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From: (Henry Spencer)
Subject: Re: Ideal ISP's, why the variation?
Date: Wed, 24 Jun 1998 21:51:26 GMT

In article <>,
Robert Lynn  <> wrote:
>The LH2 LOX engines can thus get within perhaps 40 s of ideal - an
>efficiency of about 92%.  The Kerosene LOX engines only get within about
>100s of ideal or an efficiency of about 76%.  Why is there this huge
>disparity between the two fuels?  Is it because the Kerosene exhaust
>contains a wide variety of gas molecules with different molecular masses
>and thermal equilibrium gives these gases different velocities?

Others have mentioned some reasons for this, but nobody has mentioned the
big one.  Different exhaust-gas mixes differ in how well they convert
thermal energy to kinetic energy.  It's not a matter of the variety of gas
molecules -- LOX/LH2 exhaust isn't all H2O, it has a lot of H2 in it --
but of the way energy gets bled off into internal rotation and vibration
in the more complex molecules.  This is particularly important for engines
built to run at sea level, as a lot of LOX/kerosene engines are; its
importance diminishes with the very high expansion ratios found in engines
built to operate only in vacuum (like a lot of LOX/LH2 engines).

A lot of the exhaust of LOX/kerosene engines is CO2 and H20, which as
triatomic molecules have several places to squirrel away energy.  They are
run a bit fuel-rich to get some CO and H2 into the exhaust, but you can't
do much that without running down the energy release per unit mass too far.

By contrast, LOX/LH2 engines run *very* hydrogen-rich, because hydrogen is
so light that you can get a lot of H2 into the exhaust without paying a
big mass penalty.  (You do pay for it in tank size, which is one reason
why modern LOX/LH2 systems tend somewhat toward higher mixture ratios and
less hydrogen excess.)  All those diatomic molecules help a lot.
Being the last man on the Moon is a |  Henry Spencer
very dubious honor. -- Gene Cernan  |      (aka

From: (Henry Spencer)
Subject: Re: Exhaust speed
Date: Tue, 17 Aug 1999 02:18:15 GMT

In article <7p4epk$o1$>, MA Lloyd <> wrote:
>>...why rocket engines often run fuel-rich, because the exhaust products
>>of a fuel-rich mix often turn out to have more of their energy immediately
>How big is this effect?  I thought you usually ran fuel rich
>to lower the average molecular weight of the exhaust (CO, or unreacted H2
>is ligher than CO2, H2O or unreacted O2) with consequent improvement
>in specific impulse.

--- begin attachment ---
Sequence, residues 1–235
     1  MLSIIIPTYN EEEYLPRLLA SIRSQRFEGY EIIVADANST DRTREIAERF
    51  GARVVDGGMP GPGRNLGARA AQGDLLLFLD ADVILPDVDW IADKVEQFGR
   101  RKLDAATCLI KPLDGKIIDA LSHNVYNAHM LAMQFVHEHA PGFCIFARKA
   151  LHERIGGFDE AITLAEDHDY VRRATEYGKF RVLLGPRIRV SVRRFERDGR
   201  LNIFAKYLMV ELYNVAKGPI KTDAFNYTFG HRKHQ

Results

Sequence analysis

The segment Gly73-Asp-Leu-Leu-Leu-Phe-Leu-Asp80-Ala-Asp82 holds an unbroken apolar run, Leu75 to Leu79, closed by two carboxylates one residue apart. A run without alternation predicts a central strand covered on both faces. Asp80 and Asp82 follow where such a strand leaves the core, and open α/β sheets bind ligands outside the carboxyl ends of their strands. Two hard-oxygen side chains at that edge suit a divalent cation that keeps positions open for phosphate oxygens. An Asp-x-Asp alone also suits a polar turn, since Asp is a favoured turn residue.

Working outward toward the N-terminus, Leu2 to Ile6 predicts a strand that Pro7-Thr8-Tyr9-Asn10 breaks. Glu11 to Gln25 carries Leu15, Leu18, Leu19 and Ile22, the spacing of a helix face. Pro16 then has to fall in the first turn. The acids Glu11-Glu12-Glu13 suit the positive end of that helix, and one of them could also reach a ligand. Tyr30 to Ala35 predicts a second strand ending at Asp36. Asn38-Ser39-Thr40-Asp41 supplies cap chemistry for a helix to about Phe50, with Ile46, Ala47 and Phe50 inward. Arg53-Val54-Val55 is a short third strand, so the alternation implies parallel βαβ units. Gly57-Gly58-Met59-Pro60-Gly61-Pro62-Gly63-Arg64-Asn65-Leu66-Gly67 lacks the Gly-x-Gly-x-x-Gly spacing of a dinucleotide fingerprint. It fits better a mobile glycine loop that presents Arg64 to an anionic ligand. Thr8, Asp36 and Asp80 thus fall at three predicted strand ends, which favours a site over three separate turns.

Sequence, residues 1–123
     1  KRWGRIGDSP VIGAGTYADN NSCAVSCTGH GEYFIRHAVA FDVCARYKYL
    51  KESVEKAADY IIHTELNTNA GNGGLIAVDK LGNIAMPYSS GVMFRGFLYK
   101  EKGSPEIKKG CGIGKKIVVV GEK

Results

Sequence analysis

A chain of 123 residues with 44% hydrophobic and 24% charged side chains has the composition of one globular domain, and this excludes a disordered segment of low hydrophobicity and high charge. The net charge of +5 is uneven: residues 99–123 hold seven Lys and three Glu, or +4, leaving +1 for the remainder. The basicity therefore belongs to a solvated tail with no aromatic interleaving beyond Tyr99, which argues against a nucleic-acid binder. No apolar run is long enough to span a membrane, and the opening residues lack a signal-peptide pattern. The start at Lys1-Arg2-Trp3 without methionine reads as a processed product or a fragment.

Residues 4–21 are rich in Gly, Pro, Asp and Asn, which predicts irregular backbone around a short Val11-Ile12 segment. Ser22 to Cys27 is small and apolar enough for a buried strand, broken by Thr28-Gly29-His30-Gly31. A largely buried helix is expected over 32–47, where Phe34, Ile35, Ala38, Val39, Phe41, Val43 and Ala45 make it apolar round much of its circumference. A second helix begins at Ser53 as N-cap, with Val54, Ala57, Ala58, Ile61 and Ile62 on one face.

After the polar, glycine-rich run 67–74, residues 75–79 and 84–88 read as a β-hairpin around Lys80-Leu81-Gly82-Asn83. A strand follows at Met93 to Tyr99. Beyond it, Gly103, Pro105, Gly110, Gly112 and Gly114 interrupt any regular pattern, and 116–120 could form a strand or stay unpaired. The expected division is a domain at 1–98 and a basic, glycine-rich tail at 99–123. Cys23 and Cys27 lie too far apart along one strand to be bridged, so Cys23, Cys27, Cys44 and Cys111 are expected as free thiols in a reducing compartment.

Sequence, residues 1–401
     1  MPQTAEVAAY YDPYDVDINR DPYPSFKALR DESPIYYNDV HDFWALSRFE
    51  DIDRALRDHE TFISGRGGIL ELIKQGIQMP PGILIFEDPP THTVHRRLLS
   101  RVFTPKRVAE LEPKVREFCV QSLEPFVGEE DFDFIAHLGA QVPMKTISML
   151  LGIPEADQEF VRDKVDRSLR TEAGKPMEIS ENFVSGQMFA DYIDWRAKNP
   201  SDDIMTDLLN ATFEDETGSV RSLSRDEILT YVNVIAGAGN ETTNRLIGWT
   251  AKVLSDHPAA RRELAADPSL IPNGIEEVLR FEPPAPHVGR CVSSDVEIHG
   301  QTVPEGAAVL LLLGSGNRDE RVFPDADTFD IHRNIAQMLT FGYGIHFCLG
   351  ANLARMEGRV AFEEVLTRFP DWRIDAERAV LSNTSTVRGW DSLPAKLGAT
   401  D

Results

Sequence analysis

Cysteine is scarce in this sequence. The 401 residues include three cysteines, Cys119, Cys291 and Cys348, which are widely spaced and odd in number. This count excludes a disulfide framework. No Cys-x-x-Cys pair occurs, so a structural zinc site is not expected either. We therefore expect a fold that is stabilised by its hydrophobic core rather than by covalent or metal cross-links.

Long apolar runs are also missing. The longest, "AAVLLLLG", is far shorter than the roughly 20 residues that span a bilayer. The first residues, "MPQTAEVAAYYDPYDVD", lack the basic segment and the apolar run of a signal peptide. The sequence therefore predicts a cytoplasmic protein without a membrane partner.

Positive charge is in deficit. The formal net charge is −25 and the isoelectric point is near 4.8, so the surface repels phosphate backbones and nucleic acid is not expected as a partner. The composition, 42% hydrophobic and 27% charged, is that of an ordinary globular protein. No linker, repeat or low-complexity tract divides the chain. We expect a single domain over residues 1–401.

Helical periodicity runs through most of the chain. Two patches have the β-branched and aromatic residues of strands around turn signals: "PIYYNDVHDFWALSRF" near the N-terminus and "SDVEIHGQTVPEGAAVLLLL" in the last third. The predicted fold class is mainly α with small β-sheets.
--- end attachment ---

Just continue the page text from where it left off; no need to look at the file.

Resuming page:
That's the account you can find in a lot of textbooks, which is more than
a little embarrassing because it's *wrong*.

The textbook derivation concludes that specific impulse is proportional to
the square root of temperature over molecular weight.  But those two
numbers are *not* *independent*.  (Not in a chemical rocket, anyway -- in
nuclear and solar systems, the rules are different.)  In fact, if you
study the details carefully, temperature over molecular weight is simply
combustion energy release per unit mass of propellant.  There is no way
you will *increase* that by adding extra mass which does not take part
in the reaction.  Equivalently, there is nothing you can do to lower the
molecular weight which will not also lower the temperature.

So why run fuel-rich?  Two reasons.

First, some of the simplifying assumptions in the textbook treatment are
not exactly correct.  In particular, dissociation can (effectively) limit
the maximum temperature, which lets you adjust molecular weight without a
temperature penalty.

Second, and more important, there's another term in the specific-impulse
equation, to do with nozzle efficiency, which the textbook treatment tends
to ignore.  In it, you will find an expression taken to the power
(gamma-1)/gamma.  Now the textbook will explain that gamma is not a very
strong function of gas composition, which is true, but (gamma-1)/gamma is
different -- it's quite a strong function of gas composition.  It's
equal (with a simplifying assumption or two) to R/Cp, which is roughly
inversely proportional to the number of atoms per molecule in the gas.
And the reason for that is exactly what I quoted:  the complex molecules
have more places to hide energy, to make it unavailable for expansion.
(Monoatomic exhaust would be ideal, but is hard to arrange...)

The textbook mistake actually looks plausible if you look at system
performance, because energy release per unit mass *tends* to go up, and